An Account of Travels into the Interior of Southern Africa, in the years 1797 and 1798: Including Cursory Observations on the Geology and Geography of the Southern Part of that Continent; The Natural History of Such Objects as Occurred in the Animal, Vegetable, and Mineral Kingdoms and…
Title continued…Sketches of the Physical and Moral Characteristics of the Various Tribes of Inhabitants Surrounding the Settlement of the Cape of Good Hope. To which is annexed. A Description of the Present State, Population and Produce of that Extensive Colony; With a Map Constructed Entirely from Actual Observations Made in the Course of The Travels.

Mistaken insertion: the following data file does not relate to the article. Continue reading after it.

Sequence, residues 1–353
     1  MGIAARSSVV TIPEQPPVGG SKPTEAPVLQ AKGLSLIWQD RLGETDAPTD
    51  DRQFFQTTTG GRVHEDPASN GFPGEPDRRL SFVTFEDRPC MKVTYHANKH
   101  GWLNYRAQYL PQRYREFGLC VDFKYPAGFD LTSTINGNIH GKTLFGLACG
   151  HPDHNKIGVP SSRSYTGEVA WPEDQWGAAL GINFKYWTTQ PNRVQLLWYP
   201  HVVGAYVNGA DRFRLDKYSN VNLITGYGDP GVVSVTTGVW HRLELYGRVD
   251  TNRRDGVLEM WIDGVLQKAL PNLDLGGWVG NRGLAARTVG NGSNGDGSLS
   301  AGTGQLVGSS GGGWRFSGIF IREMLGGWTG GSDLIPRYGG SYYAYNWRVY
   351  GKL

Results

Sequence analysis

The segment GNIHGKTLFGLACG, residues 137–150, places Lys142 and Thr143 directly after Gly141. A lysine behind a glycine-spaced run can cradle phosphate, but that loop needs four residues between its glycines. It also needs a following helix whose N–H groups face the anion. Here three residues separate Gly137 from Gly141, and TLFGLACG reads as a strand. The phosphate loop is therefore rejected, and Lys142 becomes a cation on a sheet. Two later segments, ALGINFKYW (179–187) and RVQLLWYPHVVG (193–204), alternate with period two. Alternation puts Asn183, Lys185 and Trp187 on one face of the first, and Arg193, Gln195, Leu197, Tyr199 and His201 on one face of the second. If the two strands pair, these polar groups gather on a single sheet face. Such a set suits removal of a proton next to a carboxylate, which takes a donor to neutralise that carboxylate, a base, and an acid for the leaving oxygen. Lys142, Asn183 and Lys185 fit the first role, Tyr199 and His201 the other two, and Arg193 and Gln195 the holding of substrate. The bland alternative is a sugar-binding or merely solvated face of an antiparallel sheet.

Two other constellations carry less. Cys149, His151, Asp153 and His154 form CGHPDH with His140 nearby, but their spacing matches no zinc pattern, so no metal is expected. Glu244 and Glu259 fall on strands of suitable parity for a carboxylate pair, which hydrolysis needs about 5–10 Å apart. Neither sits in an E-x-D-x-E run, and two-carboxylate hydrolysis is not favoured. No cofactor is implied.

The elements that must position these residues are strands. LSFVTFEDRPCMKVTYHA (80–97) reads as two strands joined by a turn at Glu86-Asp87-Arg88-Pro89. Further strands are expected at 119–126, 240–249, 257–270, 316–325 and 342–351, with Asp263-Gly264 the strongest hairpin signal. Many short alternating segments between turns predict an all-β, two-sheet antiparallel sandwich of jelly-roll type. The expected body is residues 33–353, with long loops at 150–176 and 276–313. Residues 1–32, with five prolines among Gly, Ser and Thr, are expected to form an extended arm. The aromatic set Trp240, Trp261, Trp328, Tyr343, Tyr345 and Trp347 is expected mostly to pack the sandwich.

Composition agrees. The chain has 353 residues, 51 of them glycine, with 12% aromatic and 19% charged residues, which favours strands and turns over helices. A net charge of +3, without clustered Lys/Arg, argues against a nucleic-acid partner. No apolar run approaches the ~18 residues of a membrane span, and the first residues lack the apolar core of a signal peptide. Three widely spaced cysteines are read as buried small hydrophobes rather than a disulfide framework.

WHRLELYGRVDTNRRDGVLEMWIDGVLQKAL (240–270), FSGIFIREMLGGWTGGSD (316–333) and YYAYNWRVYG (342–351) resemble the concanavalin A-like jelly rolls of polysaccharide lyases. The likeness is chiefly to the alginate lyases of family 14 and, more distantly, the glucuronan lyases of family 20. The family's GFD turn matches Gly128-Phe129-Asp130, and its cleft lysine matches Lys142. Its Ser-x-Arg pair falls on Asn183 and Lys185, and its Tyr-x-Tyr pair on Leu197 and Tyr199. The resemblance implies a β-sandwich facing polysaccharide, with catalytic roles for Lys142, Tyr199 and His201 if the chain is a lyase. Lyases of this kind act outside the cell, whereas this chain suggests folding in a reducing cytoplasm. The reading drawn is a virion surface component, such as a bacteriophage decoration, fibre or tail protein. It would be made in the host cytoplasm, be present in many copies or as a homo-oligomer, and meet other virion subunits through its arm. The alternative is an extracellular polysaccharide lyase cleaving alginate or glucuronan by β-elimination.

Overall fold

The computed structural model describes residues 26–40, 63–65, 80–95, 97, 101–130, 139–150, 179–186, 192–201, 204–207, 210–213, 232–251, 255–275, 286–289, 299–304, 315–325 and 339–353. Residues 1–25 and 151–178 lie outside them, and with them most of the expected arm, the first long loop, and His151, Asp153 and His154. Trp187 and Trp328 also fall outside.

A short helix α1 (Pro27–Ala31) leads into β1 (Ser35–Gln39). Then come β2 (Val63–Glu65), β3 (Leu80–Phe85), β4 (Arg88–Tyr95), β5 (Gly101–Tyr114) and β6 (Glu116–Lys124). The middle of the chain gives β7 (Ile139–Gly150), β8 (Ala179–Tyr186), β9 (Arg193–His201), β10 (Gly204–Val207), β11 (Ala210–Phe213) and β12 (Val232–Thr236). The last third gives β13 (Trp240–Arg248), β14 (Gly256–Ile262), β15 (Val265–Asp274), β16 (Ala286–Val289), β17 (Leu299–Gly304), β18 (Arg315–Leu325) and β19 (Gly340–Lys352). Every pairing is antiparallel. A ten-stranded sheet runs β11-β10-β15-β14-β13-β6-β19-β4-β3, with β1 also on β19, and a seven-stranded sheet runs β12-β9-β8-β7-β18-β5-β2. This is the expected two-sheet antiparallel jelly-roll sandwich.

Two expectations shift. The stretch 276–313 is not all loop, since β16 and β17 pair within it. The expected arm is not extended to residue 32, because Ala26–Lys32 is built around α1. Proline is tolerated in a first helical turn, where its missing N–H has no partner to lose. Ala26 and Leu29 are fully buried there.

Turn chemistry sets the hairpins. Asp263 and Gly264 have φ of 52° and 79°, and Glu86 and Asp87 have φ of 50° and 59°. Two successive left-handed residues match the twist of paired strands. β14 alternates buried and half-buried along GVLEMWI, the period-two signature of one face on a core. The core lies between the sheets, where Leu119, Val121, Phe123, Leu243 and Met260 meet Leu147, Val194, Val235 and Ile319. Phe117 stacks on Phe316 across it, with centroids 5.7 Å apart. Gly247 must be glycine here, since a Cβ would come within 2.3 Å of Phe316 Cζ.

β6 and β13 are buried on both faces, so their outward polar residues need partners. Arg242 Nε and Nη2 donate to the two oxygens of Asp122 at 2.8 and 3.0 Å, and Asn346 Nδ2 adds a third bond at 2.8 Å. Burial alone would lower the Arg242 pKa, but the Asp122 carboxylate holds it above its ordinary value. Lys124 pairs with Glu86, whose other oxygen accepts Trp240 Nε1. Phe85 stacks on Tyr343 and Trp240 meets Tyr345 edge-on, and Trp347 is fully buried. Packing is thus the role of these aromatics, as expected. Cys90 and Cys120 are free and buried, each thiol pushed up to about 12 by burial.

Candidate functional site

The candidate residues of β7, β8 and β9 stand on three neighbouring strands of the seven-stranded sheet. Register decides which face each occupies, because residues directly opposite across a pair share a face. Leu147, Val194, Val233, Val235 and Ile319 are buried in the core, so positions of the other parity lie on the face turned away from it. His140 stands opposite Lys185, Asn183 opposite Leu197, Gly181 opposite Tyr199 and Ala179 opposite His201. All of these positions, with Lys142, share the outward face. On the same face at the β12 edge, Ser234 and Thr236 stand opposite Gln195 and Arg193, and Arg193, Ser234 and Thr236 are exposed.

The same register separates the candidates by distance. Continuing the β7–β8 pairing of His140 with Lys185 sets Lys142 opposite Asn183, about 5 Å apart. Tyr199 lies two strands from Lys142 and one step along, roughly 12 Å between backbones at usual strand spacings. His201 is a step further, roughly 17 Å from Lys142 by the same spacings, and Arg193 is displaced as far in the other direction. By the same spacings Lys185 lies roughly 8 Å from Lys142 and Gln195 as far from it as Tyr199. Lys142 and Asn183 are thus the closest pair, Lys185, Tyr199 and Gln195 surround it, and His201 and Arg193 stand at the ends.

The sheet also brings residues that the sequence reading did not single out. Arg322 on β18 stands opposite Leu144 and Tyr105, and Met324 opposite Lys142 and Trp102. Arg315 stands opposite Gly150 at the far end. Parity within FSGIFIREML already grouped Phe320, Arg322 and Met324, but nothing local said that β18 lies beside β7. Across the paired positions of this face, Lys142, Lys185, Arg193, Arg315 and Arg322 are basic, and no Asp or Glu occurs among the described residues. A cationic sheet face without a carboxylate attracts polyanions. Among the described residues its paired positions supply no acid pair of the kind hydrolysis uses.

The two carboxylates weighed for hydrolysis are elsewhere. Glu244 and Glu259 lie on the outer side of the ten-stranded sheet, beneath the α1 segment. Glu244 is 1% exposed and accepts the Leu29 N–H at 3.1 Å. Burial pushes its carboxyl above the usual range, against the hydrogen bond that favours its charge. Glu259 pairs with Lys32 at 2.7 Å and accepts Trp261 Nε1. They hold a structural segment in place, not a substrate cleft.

Mr. (afterwards Sir John) Barrow was attached to the staff of the Earl of Macartney, one of the Governors of the Cape Colony during the first occupation of the British. He remarks in his Preface to the second edition that, considering the length of time the Dutch had been in possession of South Africa, it might have been expected that their colony would have been accurately described, which was far from being the case. He discusses the works of Tachard, Valentyn, Kloben, Sparrman, Thunberg, Paterson, Le Vaillant, and others, and maintains with regard to the latter that he never crossed the Orange River, and that his “Koraguas, Kabobiquas, and Hoosuanas” were creatures of the brain.” Mr Barrow accompanied an expedition from Cape Town to Graaff-Reinet, and another to Namaqualand, and he gives an excellent description of the country traversed, particularly with regard to the botany and zoology of these regions. Algoa Bay was visited, and observations taken of the bay and the coast, together with the “circumjacent” country, mention being made of the discovery of the Van Staaden’s River. (Mendelssohn, Vol.I, pg.87.) There is an interesting inscription to volume II. “F. Skead to T. Bain, T. Bain to A. de Smit, 1869.
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